Will you offer us a hand? Every gift, regardless of size, fuels our future.
Your critical contribution enables us to maintain our independence from shareholders or wealthy owners, allowing us to keep up reporting without bias. It means we can continue to make Jewish Business News available to everyone.
You can support us for as little as $1 via PayPal at email@example.com.
As the Chinese economy grows a whole new generation of investors seeks investment in real estate, both within the country and abroad. Favourite external destinations include the great capitals such as London or New York, but also Australia, which after all is a good deal closer to home for them and right in their backyard.
In 2012 Chinese buyers were thought to have invested about $4 billion in Australian real estate, and the pace is believed to have kept up since.
Local real estate developers in any market love to have a steady flow of foreign buyers, as it helps them to maintain development at often increasing prices, smoothing out some of the interruptions that can otherwise at times significantly disturb the market for their product.
Of course if the infusion of such foreign investors becomes a drug, then the sudden withdrawal of such buyers, as can also happen when trouble develops at home, can then quickly become a major difficulty for them instead. On balance though, developers obviously regard it as much more of a blessing than a curse, and none more so than Harry Triguboff himself, the absolute doyen of Australian high-rise multi family residential development.
As he said a year ago about Chinese buyers “I’ve never experienced any other foreign nationals that bought in that volume and they’ve never bought so consistently, ” adding, “They’re not very concerned about the amount of return, they want to see capital gain”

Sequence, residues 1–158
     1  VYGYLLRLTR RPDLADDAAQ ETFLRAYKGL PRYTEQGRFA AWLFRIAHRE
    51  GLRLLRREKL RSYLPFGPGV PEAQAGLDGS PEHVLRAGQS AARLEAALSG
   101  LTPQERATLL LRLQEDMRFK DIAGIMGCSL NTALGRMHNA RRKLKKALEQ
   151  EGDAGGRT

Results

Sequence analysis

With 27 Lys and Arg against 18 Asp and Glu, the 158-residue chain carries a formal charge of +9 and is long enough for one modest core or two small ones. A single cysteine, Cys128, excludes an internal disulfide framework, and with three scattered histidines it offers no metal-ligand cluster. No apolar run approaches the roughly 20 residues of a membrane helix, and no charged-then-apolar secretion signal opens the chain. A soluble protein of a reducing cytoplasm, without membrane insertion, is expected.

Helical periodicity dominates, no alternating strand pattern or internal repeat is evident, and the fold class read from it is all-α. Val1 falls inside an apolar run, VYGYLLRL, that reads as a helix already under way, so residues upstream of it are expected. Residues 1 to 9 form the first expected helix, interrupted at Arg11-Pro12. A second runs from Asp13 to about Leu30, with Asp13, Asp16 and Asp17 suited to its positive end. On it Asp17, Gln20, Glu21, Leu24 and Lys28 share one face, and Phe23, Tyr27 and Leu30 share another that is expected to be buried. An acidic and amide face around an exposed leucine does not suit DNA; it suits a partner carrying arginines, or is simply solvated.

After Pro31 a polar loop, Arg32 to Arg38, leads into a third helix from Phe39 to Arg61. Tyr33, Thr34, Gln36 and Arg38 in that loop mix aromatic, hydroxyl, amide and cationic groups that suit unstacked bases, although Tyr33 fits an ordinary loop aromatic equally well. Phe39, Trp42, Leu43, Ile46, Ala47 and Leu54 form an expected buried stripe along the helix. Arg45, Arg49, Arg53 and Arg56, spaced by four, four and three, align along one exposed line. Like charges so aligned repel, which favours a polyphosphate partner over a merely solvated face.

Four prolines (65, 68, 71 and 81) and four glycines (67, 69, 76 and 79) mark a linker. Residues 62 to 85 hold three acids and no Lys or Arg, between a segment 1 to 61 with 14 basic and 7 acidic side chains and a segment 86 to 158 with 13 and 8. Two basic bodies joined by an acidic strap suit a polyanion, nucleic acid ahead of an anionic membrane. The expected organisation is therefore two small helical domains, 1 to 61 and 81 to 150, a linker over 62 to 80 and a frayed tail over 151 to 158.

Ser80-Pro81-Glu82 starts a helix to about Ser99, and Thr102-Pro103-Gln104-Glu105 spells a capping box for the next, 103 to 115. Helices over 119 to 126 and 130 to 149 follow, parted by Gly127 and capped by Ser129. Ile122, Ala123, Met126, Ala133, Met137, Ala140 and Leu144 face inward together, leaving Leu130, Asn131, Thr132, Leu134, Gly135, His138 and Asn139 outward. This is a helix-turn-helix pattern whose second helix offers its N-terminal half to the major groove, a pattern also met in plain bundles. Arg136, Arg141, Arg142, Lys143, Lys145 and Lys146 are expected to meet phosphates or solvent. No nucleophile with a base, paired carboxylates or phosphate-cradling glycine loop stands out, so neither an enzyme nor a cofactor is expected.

Well now it seems Harry Triguboff may have received an offer even he can’t refuse, with reports in the Australian indicating he has received an offer for half of his company.
On March 27th, the Australian first reported that Triguboff had been approached by Chinese development firms, interested in investing in his apartment development company Meriton. The report also said he would be traveling to Guang-zhou the following week to meet the, unspecified, potentially interested parties.
“They are bound to want Meriton, ” …“We have the stock, we have the land and the know-how.” He told the paper, adding, “Its not simple to be a builder in a foreign country.”
If you want to sell something in real estate, the best way to do it is to create a buzz, and give people incentives to bid up, so the publicity surrounding his trip was perhaps specifically designed with this in mind. The best thing a developer can do is create an auction atmosphere about any potential realization, and this applies just as much to the corporate level itself as to individual projects.
Accordingly, as part of the routine Mr Triguboff also told the Australian then he was not that interested in selling the profitable company.